• Headers and Footers are used in large documents to aid reader as they move through the text. Headers can be used to distinguish one section from another by re-stating the section or the selected page the material may reside. Headers can also add to the overall uniformity of a document. A common use of the header is placing the title of the work on each page, as well as generating page numbers automatically. This ensures the reader understands that the document is to be read as one or to organize pages of text in case they get separated during reading of the document. Footers can also contain useful information. Footers can also contain page numbers or footnotes which describe certain aspects of the text which may have been confusing to the reader and are in need of further clarification. Another use of footnotes is each individual page allows for readers to more easily read citations and supplemental information rather than placing the footnotes in the back of the document. Page numbers help with navigation and give purpose to the table of contents.

Use of Visuals[edit | edit source]

  • Visuals can be used in a wide variety of business and career documents. Thoroughly explained in {Charts and Graphs} and {Photographs and Illustrations}, the use of visual aids can add quality and interest to the document. While charts and graphs are used as supplemental information in the form of visuals to explain data or certain informational material, photographs and illustrations are more commonly used a supplement in the form of visuals that add to understanding of the content for the reader. When used properly, these visual aids can add professionalism to a document and make it enjoyable to read. Be sure to pay close attention to placement of visuals in the body of the document.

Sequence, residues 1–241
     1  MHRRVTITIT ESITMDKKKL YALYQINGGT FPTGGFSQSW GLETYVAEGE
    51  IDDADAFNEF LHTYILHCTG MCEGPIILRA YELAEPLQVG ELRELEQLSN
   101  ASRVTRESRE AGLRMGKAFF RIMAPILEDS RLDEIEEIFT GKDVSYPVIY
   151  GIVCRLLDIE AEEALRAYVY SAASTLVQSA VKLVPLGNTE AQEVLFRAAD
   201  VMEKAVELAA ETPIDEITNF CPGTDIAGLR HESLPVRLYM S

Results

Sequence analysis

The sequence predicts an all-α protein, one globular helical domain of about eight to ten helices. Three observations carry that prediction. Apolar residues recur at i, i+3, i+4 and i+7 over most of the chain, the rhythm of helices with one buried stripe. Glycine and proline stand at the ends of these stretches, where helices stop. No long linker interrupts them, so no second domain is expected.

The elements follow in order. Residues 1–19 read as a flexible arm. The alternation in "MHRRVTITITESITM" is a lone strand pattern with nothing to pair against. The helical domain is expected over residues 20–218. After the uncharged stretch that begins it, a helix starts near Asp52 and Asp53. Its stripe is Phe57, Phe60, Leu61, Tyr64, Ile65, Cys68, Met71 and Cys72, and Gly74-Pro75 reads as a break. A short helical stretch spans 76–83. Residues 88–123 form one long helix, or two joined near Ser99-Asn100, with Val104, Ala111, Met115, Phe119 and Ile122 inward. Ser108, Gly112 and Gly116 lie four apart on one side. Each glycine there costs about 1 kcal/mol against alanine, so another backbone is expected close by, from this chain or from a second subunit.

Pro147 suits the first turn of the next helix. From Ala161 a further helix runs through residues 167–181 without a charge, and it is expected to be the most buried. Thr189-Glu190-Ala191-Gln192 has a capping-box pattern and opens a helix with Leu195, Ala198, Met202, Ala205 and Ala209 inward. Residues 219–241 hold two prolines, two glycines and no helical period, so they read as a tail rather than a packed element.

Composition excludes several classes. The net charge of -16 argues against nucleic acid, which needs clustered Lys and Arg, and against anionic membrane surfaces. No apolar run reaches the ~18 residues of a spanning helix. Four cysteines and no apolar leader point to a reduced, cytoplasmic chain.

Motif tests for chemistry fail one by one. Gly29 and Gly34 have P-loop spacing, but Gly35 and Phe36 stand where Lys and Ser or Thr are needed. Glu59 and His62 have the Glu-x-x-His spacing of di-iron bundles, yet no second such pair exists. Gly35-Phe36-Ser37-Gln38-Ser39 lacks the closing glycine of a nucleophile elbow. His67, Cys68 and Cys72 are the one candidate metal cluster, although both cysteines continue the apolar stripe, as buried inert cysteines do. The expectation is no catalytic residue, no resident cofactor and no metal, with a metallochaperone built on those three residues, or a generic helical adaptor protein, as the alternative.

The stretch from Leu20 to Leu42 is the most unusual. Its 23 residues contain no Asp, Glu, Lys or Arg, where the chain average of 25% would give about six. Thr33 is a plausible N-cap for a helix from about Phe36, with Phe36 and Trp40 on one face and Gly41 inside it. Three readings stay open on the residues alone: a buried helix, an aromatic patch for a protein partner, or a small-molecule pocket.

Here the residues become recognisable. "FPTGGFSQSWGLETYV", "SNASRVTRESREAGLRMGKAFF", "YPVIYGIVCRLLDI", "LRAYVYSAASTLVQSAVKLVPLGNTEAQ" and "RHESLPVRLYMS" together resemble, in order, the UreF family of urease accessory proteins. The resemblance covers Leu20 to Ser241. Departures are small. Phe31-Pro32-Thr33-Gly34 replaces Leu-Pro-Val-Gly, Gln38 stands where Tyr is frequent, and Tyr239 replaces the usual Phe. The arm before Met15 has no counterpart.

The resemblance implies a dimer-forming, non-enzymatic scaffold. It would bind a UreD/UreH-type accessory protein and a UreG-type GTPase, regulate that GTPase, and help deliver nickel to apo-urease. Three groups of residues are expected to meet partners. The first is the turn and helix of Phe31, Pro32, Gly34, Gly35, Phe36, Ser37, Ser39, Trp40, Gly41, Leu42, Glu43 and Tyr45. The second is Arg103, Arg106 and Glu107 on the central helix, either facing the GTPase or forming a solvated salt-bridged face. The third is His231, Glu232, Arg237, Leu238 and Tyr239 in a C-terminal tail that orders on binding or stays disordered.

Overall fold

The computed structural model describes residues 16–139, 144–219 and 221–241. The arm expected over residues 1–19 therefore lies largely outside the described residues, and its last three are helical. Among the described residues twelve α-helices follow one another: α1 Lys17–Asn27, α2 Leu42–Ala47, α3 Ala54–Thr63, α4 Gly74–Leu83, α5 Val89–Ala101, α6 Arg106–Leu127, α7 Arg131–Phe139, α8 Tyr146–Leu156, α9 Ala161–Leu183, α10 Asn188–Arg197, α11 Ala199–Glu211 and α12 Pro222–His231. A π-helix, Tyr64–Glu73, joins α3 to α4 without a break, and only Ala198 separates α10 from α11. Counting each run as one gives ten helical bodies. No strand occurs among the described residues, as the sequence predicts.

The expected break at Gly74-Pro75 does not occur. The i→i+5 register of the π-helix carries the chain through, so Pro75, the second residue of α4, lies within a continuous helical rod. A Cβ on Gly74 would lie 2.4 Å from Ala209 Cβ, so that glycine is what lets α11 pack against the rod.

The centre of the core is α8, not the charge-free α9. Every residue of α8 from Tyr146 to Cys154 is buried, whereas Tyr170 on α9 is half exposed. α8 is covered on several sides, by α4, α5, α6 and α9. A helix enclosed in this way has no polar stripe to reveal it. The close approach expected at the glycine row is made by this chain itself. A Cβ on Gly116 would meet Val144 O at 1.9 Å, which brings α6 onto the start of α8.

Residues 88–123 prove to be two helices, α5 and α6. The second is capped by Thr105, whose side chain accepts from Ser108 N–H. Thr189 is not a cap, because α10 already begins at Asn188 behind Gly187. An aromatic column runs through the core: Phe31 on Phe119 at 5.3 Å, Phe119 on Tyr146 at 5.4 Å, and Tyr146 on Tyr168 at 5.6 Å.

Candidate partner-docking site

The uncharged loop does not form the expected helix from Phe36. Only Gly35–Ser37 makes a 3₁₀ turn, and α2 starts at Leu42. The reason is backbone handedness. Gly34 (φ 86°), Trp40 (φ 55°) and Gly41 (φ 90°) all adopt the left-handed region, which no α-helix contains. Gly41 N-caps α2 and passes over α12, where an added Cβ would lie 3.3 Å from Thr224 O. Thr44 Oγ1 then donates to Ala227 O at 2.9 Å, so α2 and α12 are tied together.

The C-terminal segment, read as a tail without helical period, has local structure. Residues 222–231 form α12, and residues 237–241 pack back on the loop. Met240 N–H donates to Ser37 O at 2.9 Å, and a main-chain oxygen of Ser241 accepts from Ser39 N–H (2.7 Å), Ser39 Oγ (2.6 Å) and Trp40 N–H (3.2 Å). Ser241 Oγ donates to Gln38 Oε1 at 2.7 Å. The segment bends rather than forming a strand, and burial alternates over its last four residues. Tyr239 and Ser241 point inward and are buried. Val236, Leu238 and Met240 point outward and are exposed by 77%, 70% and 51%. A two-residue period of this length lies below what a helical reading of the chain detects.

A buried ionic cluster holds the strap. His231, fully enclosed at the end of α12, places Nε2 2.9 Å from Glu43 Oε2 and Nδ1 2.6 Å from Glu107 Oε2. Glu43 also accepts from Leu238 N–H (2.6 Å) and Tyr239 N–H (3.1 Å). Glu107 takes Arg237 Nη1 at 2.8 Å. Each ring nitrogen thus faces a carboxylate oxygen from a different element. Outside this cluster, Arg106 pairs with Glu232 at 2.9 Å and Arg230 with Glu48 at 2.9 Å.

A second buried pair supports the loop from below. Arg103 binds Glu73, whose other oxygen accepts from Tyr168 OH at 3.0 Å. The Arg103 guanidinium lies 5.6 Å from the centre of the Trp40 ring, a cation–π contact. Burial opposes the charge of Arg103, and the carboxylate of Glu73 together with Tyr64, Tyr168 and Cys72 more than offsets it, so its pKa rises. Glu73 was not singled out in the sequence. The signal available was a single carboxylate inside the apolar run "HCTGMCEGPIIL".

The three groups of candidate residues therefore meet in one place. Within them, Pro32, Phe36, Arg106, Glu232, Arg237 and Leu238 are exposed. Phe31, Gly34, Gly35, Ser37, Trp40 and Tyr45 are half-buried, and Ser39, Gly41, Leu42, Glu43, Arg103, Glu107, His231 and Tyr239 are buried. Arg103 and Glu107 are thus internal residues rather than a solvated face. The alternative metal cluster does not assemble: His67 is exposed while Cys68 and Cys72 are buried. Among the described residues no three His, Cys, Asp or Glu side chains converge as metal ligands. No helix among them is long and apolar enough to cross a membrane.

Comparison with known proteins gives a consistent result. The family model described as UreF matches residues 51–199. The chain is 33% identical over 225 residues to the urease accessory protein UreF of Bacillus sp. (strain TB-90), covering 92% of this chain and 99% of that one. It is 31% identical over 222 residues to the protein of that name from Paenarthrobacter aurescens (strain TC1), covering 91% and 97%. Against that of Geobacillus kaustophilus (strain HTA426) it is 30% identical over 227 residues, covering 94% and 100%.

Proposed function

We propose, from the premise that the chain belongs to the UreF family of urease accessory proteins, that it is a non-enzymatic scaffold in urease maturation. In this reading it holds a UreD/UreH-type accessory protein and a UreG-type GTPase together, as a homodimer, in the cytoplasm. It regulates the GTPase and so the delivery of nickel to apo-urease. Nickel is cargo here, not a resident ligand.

Note: One should place images at natural breaks in the text. Between paragraphs or sections is most common. This way, the image does not interrupt the flow of reading and confuse the reader as to where the document goes next. Be sure to use logical placement to ensure the image supplements the text near or around it.

Line Elements and Color[edit | edit source]

  • Line elements and color are two more elements more uncommonly employed in formal written documents. Generally, text is kept to black on a white background. This standard for writing documents is easiest to read and allows the information to be presented successful and prevents complex visuals or other distractions from taking away from the document. Color can be used when writing, but carefully and meticulously in professional documents. Typically, a logo or headings will use color to distinguish itself from the body copy. In headings, colors are generally blue, red, or green to call attention without distracting the reader. Logos are kept small and placed in the upper corners of the document or in the footer. It is uncommon to break text with logos or lines. And colored words within a body copy make it extremely hard to read. Lines can be used to separate sections or distinguish headers from footers. These should be light and a fine width as to match the text and not cause unnecessary visual weight to the document.

When these elements are used correctly and tastefully, they add interest and professionalism to a document. Supplementing the information with visuals and organizational elements helps guide the reader through the document.

Quick Tips[edit | edit source]

  1. Keep your messages brief.
  2. Use short paragraphs.
  3. Use the subject line to specify your message.
  4. Use headings to identify the sections of your message.
  5. Avoid distracting colors and backgrounds.